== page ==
Cheese Fest

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Archive for February, 2017

Époisses

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February 26th, 2017 Posted 8:10 pm

Époisses lays claim to being the smelliest cheese in the world. So smelly and offensive, that open carry is forbidden on the Paris Metro… apparently.

This is how it is presented in shops:

Epoisses

…however, unless you purchase the whole forme, this is how it will appear when you get it home:

Epoisses

The origins of this cheese date back to the 16th century and those naughty Trappist monks putting alcohol in everything. The cheese is washed with a mixture of brandy and brine. Though it is highly unlikely that the monks knew it at the time, a particular strain of bacteria (brevibacterium linens), notably responsible for smelly feet, was a key part of the recipe.

A popular cheese, it continued to be manufactured by many farms in the area. Then due to WW2, production ceased. The recipe was never recorded and only passed on from generation to generation through word of mouth.

Luckily, in 1956, the Berthauts, a couple of farmers near Dijon, had the foresight to revive the cheese and sought out the last surviving individuals who knew how to make it.

Époisses has a sticky orange rind. Did I mention, it’s also rather smelly? Maybe not as bad as expected by its claim of “the world’s smelliest cheese”, but certainly very pungent. Sweaty, smelly socks with a hint of slurry. It sounds horrible but to the hardened cheese connoisseur, it’s heaven (yes, we’re weird like that ;-) ). Sometimes, there is a strong smell of ammonia, but more about that in a moment.

The inner pate is a light creamy colour and should be soft and gooey or runny depending upon ripeness.

The texture is deliciously smooth and creamy and the flavour, perhaps surprisingly, is quite delicate. The pungent aromas are still present in the taste, but very subdued. There is also a wine reaction, that so often occurs with washed cheeses, in the form of delicious fruity notes that magically appear.

A note of warning. Éposses is one of those cheeses that really needs to be stored properly in order to get the best out of it. It is therefore, highly recommended that it be purchased from a proper fromagerie. Supermarkets do sell it, but very often it will lack the expected pungency and gooey decadence. Typically, supermarket sell-by dates are too short for refrigerated storage and the cheese is not fully ripe by the date indicated. In the opposite extreme, it can also become over-ripe and bitter, the aforementioned ammonia smell is a good indicator of this.

Époisses is a real classic cheese that is famous throughout the world. Don’t let bad supermarket experiences put you off, when this cheese is good, it is awesome.

Reviewed by Nick & Olympia, 2012

(4/5)

 

Posted in Cow's milk, French, Soft, Washed

Wyfe of Bath

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February 19th, 2017 Posted 5:18 pm

Experience, though noon auctoritee,
Were in this world, were right y-nough to me,
To speke of wo that is in mariage;
For, lordinges, sith I twelf yeer was of age.

-  Geoffrey Chaucer

From whence this cheese doth get it’s name… apparently.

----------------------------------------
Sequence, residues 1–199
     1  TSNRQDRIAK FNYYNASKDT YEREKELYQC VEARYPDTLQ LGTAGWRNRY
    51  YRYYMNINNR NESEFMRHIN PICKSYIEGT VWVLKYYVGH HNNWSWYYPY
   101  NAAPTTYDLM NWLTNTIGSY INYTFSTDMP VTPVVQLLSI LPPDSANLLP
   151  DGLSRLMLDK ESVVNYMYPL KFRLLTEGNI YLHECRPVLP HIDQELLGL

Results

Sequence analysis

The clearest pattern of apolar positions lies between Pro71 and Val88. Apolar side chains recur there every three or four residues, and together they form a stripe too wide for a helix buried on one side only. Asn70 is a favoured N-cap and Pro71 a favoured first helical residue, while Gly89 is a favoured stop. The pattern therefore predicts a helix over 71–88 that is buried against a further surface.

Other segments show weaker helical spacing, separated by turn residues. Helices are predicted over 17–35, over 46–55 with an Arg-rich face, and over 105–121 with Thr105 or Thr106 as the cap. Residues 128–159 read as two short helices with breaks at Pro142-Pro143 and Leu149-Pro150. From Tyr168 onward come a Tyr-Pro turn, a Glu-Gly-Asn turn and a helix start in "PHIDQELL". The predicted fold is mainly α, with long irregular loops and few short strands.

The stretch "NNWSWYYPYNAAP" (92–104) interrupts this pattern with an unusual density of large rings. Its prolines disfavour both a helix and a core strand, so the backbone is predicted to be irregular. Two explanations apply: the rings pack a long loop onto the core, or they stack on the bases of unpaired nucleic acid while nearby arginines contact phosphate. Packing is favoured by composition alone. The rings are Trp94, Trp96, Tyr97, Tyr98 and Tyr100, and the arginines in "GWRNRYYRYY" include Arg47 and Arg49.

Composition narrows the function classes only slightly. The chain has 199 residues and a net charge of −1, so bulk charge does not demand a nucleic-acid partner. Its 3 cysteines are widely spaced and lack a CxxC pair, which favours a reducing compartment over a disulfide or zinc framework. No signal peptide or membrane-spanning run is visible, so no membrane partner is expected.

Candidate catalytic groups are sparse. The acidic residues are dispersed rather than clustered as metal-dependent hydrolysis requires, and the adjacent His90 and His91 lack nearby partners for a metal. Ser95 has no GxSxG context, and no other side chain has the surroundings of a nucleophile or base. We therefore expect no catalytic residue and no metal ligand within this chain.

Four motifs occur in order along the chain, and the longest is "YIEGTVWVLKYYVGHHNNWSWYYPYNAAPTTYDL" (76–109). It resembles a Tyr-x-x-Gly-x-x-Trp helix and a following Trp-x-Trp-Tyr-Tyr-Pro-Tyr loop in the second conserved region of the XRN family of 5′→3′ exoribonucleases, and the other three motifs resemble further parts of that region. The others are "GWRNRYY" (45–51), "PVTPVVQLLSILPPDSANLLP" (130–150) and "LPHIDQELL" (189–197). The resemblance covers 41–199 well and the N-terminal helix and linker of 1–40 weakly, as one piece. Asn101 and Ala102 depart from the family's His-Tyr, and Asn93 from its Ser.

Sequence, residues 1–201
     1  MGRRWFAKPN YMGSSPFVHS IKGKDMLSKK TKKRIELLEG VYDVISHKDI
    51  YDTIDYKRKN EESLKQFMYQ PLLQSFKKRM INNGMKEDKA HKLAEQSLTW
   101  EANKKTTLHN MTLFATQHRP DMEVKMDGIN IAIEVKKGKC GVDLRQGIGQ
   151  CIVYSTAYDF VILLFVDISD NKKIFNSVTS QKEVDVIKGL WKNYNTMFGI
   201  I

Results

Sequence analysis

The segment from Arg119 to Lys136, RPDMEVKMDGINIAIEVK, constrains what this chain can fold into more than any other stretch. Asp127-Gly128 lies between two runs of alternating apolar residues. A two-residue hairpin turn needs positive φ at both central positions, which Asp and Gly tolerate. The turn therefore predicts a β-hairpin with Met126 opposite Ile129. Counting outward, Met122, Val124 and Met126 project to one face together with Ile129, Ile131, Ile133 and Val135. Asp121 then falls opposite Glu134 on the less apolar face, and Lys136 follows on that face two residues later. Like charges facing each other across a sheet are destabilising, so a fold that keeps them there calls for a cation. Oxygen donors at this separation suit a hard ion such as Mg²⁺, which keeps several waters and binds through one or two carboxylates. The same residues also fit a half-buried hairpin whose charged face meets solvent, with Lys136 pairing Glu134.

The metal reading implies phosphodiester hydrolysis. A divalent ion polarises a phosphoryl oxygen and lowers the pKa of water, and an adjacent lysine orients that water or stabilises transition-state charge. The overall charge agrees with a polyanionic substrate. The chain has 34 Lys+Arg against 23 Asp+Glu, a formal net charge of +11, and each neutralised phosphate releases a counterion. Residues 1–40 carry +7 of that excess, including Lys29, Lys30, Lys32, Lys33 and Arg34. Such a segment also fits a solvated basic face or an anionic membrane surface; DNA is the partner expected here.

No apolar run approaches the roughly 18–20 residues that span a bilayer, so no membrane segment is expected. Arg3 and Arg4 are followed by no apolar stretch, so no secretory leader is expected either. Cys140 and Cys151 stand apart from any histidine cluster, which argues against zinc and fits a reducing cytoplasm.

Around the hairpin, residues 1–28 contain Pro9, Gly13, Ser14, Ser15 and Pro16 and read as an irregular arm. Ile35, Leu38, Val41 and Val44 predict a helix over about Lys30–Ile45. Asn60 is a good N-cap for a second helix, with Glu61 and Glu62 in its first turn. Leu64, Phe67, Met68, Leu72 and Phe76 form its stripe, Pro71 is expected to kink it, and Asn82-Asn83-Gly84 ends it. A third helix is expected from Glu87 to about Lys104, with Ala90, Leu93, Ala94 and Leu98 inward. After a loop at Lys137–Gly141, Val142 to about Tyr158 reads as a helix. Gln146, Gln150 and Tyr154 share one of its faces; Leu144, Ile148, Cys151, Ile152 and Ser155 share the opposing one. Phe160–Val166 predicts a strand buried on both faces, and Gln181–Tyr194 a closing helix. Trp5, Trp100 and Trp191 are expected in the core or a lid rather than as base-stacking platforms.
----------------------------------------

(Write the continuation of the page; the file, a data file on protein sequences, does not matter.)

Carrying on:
Wyfe of Bath

Wyfe of Bath

According to the manufacturer, like Chaucer’s tale, this cheese is like a taste of old England. It certainly smells, old.  It has this wonderful smell of old, damp stone, reminiscent of a church crypt.

Formed in cloth lined baskets, the cheese is shaped like a large round soap bar, with a tough, leathery, orange / grey, natural rind.

Inside, the pate can vary from a pale yellow to a light golden colour, with a firm but yielding, slightly rubbery, but creamy texture.

The taste is initially quite sharp, with delicate hints of fungus and stone. The sharpness quickly melts away leaving a pleasing nutty, grassy flavour.

All in all a pleasant cheese to nibble on with a glass of red wine.

Produced by The Bath Soft Cheese Co.

Reviewed by Nick & Olympia, 2011.

(3/5)

Posted in Cow's milk, English, Hard

Cœur de Neufchâtel

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February 12th, 2017 Posted 7:50 pm

Well, it’s St. Valentine’s day (almost) and I’ve been trying, for years, to write up this one at around this time of year, but always missed. Yes, I know… cheesy, but when you have a heart shaped cheese, waddya gonna do?

To be fair, it isn’t the only heart shaped cheese, and Neufchâtel is not always heart shaped. It can be found in other forms, logs, wheels and bricks.

Cœur de Neufchâtel

Cœur de Neufchâtel

Regardless of the shape, Neufchâtel has a soft, smooth, velvety rind, covered in a fine white mould. The smell is very mushroomy with hints of ammonia.

The pate is gooey and pale yellow just inside the rind, but almost white and crumbly in the centre.

It has a very slight buttery smell that is almost non-existent.

The taste is immediately salty, quickly giving way to a pungent flavour accompanied by a burning sensation.

There is no real after taste, but it leaves you with the burning and an anæsthetic sensation.

It is also one of those cheese that has an interesting effect when taken with wine, producing a strange metallic taste.

A bit of a wolf in sheep’s clothing. You think it’s going to be mild mannered, a soft creamy, delicate cheese in a lovely little heart shape. But, then it bites.

It’s a bit of an unusual cheese and one to try because of it, but to be honest, it’s a little overrated.

Purchased from the cheese stall outside Brighton Station.

Reviewed by Nick & Olympia, 2012.

(1.5/5)

Posted in Cow's milk, French, Soft